The Minnesota Council of Churches (MCC) is moving into a decade-long commitment to truth telling, education, and repair with Native American and African communities. Those communities suffered deeply from America’s original sins: Slavery and Native American genocide. Those sins have never been fully acknowledged or addressed, let alone healed or repaired.
McCleave (Turtle Mountain Ojibwe) put the work ahead in stark terms: “Why don’t we tell the truth about genocide in this country?” she asked. “Because people have things they will lose. It’s tied to Empire and control and money and land.”
At the same time, there’s a tremendous amount of healing that can happen and actions that could put this nation and its religious institutions on a more solid moral foundation.
U.S. Secretary of the Interior Deb Haaland announced this week she has ordered a comprehensive review of the troubled legacy of federal Indian boarding schools, which operated for much of the 19th and 20th centuries with the primary goal of assimilating Indian children into European culture.
Haaland is a member of the Pueblo of Laguna and the first Native American person to hold a cabinet level position. She has directed her staff to research historical boarding school records, with an emphasis on cemeteries or potential burial sites, and publish a report, according to a Department media release.
“NABS believes this investigation will provide critical resources to address the ongoing historical trauma of Indian boarding schools,” the organization said in a media release. “Our organization has been pursuing truth, justice, and healing for boarding school survivors, descendants, and tribal communities.”
An Open Letter to Sen. Amy Klobuchar, Sen. Al Franken, and Rep. Keith Ellison:
Regardless of your view on the Dakota Access Pipeline (DAPL), I hope we all can agree that the standoff and violence that occurred near Standing Rock should never have happened. We must learn from this tragic event.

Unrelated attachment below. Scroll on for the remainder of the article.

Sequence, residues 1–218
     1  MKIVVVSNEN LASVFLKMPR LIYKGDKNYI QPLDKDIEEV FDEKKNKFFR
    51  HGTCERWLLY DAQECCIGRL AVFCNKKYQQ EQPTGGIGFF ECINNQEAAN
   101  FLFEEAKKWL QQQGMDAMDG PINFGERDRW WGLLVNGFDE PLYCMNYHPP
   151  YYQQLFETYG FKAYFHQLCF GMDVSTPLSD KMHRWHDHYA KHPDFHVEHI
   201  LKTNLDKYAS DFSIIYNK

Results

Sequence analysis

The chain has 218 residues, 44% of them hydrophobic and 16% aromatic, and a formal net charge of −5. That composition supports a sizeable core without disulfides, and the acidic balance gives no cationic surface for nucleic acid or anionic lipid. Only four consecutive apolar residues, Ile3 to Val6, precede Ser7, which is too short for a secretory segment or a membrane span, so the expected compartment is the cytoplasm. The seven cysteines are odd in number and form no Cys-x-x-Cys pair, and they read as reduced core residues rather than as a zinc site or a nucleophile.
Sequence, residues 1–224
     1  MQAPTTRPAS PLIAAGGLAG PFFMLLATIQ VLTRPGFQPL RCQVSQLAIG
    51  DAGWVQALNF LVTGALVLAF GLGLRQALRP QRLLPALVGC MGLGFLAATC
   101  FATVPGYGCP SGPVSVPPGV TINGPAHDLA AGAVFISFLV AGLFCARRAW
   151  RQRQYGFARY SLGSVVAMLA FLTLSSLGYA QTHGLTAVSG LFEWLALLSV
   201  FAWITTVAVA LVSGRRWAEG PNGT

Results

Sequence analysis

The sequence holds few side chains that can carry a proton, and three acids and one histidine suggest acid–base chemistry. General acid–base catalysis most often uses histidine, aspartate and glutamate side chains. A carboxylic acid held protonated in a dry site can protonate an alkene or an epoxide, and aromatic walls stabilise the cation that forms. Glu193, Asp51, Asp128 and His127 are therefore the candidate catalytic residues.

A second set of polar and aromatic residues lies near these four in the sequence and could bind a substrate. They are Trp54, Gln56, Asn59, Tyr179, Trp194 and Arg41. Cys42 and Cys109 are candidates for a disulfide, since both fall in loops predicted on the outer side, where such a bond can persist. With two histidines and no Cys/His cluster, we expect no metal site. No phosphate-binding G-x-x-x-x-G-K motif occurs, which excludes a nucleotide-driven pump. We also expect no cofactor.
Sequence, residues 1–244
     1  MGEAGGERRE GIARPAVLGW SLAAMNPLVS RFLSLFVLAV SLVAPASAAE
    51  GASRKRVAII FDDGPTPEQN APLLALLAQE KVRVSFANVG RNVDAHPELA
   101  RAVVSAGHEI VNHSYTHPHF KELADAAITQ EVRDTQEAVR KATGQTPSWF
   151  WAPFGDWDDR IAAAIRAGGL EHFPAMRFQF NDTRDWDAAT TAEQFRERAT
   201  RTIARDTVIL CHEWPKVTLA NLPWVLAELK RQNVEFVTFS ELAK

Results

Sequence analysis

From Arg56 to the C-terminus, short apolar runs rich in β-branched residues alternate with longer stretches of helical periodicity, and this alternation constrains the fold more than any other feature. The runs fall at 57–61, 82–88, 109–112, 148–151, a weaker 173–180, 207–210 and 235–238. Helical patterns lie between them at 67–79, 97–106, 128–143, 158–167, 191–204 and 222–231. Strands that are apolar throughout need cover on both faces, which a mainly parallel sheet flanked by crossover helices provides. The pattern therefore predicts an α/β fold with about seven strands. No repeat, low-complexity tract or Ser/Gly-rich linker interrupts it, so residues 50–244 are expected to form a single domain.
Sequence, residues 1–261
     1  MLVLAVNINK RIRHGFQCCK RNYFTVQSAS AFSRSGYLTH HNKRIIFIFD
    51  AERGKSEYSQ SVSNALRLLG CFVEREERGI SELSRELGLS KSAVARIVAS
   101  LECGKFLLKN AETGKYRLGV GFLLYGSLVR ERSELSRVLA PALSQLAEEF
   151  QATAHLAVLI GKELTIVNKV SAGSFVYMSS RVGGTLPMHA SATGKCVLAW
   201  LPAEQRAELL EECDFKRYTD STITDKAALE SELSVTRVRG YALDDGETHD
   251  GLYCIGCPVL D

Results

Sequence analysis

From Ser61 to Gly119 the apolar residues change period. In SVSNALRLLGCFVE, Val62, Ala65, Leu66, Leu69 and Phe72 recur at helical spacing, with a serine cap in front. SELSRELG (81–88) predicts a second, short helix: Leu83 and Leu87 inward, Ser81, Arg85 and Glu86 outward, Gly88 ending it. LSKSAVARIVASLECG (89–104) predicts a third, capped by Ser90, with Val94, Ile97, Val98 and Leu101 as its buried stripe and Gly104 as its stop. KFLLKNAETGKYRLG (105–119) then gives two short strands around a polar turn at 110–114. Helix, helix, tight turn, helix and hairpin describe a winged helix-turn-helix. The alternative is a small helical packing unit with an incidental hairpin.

In that regard, I ask you to investigate the actions of the National Sheriffs’ Association and its role in doing opposition research against water protectors and its ties and coordination with TigerSwan, the private security firm hired by Energy Transfer Partners to protect DAPL. This should include a review of the rationale and appropriateness of the law enforcement tactics used.
This is a national issue. Law enforcement from several states — including Minnesota — were deployed to Morton County, North Dakota through mutual assistance agreements. What are the lessons these law enforcement agents will take back to their home communities?
This should be of particular to concern to those of us in Minnesota. Canadian company Enbridge Line 3 has proposed expanding a tar sands crude pipeline through the state, called Line 3. It would run from Alberta to Superior, Wisconsin, and includes 337 miles of pipeline through Minnesota. It would cross the Mississippi River, twice, and cross many wild rice lakes. This project most likely will provoke a similar resistance movement as happened in North Dakota. (See MPR story: Minn. oil pipeline fight stokes threats, fears of Standing Rock.)
How will we respond if and when that happens?